The Government’s hostile post-Brexit immigration policies are responsible for prolonging the shortage of HGV drivers, according to an immigration law specialist.
Mariam Khaliq, Partner and Head of Immigration at law firm Bishop and Sewell, said: “The Government was forced to act quickly after the shortage of HGV drivers recently resulted in fuel shortages, panic buying and the closure of some petrol stations.
“Other sectors, such as the food industry, have also been affected by labour issues, resulting in shortages of food supplies to supermarkets and restaurants, leading to fears of some foods being unavailable at Christmas.
“To deal with this, the Government announced temporary visas will be made available for those in the haulage and poultry industries – 4,700 ‘Seasonal Worker’ visas for drivers in the food haulage sector (expiring on 28 February 2022) and 5,500 ‘Seasonal Worker’ visas for poultry workers (which will expire on 31 December 2021). In both instances, the period of visa free access offered appears far too short to incentivise workers to come to the UK.”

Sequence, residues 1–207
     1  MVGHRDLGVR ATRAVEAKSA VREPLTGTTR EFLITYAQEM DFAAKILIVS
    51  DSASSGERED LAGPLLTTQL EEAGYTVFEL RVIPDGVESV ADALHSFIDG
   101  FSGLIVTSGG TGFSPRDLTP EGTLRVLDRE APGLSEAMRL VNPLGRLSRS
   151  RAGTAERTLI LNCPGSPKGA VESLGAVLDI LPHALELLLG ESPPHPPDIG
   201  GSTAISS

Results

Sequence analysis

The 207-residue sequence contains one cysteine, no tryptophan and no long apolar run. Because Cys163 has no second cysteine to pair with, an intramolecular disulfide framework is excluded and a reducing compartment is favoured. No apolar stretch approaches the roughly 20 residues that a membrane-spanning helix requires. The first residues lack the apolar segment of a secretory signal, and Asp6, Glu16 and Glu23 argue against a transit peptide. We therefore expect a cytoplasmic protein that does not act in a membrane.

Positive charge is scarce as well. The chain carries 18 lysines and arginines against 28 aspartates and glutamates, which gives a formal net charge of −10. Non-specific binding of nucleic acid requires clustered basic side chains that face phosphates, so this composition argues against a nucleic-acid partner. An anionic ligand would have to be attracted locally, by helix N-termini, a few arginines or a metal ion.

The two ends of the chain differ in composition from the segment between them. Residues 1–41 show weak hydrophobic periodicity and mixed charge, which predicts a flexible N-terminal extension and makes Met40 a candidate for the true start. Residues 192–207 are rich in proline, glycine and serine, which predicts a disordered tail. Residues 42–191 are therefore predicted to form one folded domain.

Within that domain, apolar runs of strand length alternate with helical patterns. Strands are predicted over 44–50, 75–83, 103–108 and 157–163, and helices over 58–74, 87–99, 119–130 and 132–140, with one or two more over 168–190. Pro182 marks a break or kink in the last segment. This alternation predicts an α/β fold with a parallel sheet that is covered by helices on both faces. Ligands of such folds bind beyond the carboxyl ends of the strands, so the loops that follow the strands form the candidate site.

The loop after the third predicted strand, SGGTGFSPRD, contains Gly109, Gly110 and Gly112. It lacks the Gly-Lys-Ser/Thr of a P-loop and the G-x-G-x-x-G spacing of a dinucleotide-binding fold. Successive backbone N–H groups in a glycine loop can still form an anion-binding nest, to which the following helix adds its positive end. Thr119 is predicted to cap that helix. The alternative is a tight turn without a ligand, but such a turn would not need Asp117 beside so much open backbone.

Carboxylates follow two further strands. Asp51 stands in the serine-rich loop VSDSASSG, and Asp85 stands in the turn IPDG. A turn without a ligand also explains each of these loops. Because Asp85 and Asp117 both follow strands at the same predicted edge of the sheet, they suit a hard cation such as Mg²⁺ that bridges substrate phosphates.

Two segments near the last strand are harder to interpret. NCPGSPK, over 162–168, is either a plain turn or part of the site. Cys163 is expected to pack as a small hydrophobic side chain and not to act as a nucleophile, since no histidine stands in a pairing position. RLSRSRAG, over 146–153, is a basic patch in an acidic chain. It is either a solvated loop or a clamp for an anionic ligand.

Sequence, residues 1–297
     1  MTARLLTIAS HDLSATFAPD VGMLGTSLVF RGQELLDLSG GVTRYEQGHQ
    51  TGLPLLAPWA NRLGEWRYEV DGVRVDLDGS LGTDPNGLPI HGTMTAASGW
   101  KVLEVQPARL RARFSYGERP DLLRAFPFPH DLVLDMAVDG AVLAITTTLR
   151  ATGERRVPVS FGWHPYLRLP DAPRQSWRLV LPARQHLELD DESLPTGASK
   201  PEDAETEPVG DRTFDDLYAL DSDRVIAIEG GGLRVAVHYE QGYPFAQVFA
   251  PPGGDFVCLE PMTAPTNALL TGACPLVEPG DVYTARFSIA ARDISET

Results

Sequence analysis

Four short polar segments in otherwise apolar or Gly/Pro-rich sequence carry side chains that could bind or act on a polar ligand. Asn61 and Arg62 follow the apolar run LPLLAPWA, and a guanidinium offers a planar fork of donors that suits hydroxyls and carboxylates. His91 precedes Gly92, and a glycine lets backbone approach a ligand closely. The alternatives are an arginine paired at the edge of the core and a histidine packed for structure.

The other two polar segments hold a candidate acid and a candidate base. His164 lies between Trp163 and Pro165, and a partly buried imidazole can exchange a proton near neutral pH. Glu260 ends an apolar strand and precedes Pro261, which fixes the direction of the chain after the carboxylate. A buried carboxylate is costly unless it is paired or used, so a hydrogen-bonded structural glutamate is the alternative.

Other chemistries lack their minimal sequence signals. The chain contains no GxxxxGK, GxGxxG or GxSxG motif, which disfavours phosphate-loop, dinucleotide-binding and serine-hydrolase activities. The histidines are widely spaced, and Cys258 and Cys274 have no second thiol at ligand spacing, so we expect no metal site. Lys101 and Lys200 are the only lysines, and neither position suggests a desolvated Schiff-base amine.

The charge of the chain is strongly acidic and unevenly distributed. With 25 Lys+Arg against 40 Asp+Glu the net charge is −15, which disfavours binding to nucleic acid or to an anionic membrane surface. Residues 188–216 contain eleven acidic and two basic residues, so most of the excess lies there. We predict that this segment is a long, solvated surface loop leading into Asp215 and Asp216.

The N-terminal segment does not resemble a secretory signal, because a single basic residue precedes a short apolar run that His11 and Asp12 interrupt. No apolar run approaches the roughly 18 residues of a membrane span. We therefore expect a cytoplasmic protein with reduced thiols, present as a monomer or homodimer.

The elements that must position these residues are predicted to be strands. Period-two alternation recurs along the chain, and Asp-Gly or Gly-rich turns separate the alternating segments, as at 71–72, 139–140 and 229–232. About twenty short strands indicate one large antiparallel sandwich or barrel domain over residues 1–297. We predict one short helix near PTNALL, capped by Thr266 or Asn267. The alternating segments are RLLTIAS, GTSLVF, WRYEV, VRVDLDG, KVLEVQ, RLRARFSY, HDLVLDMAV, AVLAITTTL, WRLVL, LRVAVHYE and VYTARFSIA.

Indeed, Boris Johnson confirmed this week that the Government had only received 27 applications. Other visas in the temporary seasonal worker category are usually available for six months, so the current three month offer seems somewhat paltry, particularly given the acute shortages in the UK labour market.
There is currently estimated to be a shortfall of around 100,000 lorry drivers – triggered by an exodus of foreign nationals during the pandemic, coupled with post-Brexit immigration rules, and self-isolation requirements. The huge number of driver vacancies has been compounded by more general labour shortages affecting meat packing and fruit picking jobs – jobs previously done by EU nationals – which have impacted stock levels in supermarkets and fast-food chains.
Mariam continued: “The retail industry warned the government that, unless it took immediate measures to alleviate an acute shortage of haulage drivers, significant disruption was inevitable in the run-up to the Christmas season.
“However, whilst the Government has responded to industry and public concerns using the temporary visa category in the immigration rules, this does not go far enough and is unlikely to have the necessary and immediate impact needed, since the number of shortages surpasses the 10,500 visas being created by the Government.
“In our new post-Brexit world, it is likely we will see the same labour shortage issues occur in other industries, unless the UK Government ceases with its inherently hostile attitude towards immigration.”